Public Release: 

The Oceanography Society dedicates journal issue to URI Dean John Knauss

University of Rhode Island

Not many people have seen Dr. John Knauss at a loss for words, but he was speechless on Saturday when presented with the current issue of the journal Oceanography, specially published by The Oceanography Society (TOS) as a tribute to his accomplishments as a scientist, an educator, an administrator, a leader, and a gentleman.

Knauss, who was dean of the URI Graduate School of Oceanography (GSO) from 1962 to 1987, was unaware that TOS was going to honor him in this way.

"There have been several times in the past when something has been planned for me that I have had an inkling about," said Knauss, "but this is not one of those times."

During a short presentation ceremony at the Coastal Institute Building on the URI Narragansett Bay Campus, Richard Spinrad, editor of Oceanography and technical director for the Oceanographer of the Navy, presented Knauss with the first copy of issue 14-2 of the prestigious professional journal. In addition to Spinrad, guests included URI Provost Beverly Swan, National Science Foundation associate director of geosciences Margaret Leinen (former president of TOS and former GSO dean), Woods Hole Oceanographic Institution senior scientist Kenneth Brink (former President of TOS and the person who conceived the idea for the special issue), former URI President Frank Newman, and GSO interim dean James Yoder.

"John Knauss is an ubiquitous icon," said Spinrad. "Anyone reading this magazine has either met, worked with, or had their career impacted by Dr. Knauss. He is also a bridge whose career is a remarkable link for the oceanographic community. He brings a personal knowledge regarding the historical perspectives of the birth of the Office of Naval Research, the Law of the Sea, the Stratton Commission, and individuals whose names are the history of modern oceanography.

"John Knauss' name is synonymous with the most successful fellowship program ever developed in the oceanographic community: the Dean Knauss Sea Grant Fellowship," added Spinrad. "The outstanding alumni of this program now populate some of the United States' most influential offices of policy and program in the oceanographic community--and are known by many as 'Knauss Fellows.'"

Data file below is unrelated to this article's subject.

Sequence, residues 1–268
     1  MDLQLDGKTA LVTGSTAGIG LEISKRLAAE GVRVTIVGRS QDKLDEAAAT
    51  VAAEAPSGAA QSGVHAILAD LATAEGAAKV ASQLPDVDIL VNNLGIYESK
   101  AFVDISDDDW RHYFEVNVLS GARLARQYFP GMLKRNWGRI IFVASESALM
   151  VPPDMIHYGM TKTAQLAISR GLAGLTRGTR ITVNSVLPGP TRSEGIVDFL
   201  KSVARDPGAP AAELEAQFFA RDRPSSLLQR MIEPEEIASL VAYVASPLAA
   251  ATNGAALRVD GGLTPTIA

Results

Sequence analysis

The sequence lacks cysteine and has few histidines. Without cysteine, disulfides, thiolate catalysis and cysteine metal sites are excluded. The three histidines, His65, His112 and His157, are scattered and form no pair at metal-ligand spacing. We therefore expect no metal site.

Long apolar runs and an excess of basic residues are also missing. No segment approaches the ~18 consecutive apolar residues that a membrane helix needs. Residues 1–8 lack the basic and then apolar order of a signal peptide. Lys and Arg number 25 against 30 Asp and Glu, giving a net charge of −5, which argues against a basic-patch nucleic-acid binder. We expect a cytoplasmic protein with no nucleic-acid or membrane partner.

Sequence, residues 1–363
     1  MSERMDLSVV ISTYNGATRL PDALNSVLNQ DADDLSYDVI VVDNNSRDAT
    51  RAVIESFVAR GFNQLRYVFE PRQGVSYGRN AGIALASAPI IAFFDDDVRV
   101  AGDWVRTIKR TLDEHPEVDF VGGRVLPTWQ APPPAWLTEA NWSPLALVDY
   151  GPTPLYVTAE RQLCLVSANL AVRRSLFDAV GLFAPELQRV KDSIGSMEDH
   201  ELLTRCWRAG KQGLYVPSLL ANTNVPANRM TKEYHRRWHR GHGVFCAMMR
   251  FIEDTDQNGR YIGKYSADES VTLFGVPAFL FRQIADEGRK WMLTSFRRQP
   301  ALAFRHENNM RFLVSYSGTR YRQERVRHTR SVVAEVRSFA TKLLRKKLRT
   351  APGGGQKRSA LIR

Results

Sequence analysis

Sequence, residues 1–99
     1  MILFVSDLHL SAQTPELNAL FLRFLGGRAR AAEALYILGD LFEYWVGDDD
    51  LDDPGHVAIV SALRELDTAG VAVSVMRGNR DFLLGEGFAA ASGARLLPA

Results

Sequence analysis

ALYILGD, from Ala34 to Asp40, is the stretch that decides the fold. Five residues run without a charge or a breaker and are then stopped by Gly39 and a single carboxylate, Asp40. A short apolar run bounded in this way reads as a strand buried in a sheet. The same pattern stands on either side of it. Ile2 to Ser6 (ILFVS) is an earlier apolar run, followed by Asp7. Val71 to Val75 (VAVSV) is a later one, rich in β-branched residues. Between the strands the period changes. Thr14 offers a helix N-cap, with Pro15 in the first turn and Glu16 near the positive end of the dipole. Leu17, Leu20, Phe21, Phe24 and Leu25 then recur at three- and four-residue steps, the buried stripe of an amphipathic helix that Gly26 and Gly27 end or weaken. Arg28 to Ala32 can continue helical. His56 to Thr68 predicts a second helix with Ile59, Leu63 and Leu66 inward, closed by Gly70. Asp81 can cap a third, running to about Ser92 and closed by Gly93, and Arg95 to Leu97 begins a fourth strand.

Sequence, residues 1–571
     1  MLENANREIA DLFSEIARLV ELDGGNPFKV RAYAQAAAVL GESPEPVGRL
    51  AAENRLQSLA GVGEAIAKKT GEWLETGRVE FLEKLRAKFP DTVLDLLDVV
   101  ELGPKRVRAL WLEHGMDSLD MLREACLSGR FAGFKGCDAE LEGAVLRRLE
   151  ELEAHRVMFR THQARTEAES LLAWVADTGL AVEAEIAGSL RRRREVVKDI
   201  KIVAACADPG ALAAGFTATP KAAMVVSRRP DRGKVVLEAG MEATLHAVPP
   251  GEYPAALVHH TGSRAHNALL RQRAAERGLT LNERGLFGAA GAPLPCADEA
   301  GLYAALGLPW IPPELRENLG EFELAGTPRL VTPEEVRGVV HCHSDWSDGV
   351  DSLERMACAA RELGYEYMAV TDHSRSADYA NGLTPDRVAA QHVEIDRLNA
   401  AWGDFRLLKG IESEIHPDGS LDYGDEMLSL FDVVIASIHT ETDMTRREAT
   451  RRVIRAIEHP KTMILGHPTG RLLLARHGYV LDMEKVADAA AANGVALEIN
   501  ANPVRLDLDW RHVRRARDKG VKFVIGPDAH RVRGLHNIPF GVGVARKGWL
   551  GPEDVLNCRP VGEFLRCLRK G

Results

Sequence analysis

The issue, with an introduction by Leinen, contains articles on topics of interest to Knauss, including currents of the equatorial Pacific, the Law of the Sea, graduate education in oceanography, the Stratton Commission, and the University-National Oceanographic Laboratory System (UNOLS).

Knauss became GSO's first dean in 1962. At that time, there were only a few buildings, and a handful of faculty and students. When he left in 1987 for Washington to head the U.S. National Oceanic and Atmospheric Administration (NOAA), his vision and leadership had built GSO into one of the top ten oceanographic institutions in the country.

One of the founders of the national Sea Grant program, Knauss has received numerous honors, appointments, and awards. In 1988, an act of Congress changed the Sea Grant Fellowship Program to the Dean John A. Knauss Fellowship Program. He is a fellow of the American Association for the Advancement of Science, the American Geophysical Union, and the Marine Technology Society. He has been President of the Association of Sea Grant Program Institutions, Chairman of the University-National Oceanographic Laboratory System (UNOLS), and a founder of the Law of the Sea Institute.

More than a decade after his official retirement from URI, Knauss continues to serve the oceanographic community. He was recently appointed chair of the U.S. Ocean Research Advisory Panel of the National Ocean Partnership Program (NOPP).


Knauss and his wife of 46 years live in Saunderstown, Rhode Island, in the summer and LaJolla, California, in the winter.

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